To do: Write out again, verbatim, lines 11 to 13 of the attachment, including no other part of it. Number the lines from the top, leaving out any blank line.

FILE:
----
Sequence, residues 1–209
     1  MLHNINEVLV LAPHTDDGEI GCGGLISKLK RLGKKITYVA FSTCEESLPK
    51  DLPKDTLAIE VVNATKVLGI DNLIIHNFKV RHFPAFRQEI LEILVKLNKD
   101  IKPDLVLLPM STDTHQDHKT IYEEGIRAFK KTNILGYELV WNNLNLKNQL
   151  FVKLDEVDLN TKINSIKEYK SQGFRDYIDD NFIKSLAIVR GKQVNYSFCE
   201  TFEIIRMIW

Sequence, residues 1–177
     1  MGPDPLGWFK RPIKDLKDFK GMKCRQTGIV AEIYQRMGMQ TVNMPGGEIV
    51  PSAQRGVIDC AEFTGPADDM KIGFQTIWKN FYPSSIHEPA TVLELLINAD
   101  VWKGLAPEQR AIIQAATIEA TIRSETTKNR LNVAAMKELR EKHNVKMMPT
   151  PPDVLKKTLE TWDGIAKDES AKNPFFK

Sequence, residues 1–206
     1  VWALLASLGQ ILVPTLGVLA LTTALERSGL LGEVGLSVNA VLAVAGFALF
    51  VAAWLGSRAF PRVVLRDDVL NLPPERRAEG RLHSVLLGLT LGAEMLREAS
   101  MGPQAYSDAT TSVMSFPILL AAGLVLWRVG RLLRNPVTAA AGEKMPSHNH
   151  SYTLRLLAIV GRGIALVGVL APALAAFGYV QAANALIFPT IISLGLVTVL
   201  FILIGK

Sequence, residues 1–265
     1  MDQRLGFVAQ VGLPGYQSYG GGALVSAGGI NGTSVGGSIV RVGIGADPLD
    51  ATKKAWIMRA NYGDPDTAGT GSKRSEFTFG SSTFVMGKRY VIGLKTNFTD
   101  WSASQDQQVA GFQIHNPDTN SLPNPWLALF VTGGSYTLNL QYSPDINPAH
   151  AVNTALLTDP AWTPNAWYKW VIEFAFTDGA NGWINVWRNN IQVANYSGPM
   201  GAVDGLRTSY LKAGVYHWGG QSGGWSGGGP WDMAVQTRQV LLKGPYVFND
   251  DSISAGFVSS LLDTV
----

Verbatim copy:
   151  PPDVLKKTLE TWDGIAKDES AKNPFFK

Sequence, residues 1–206
     1  VWALLASLGQ ILVPTLGVLA LTTALERSGL LGEVGLSVNA VLAVAGFALF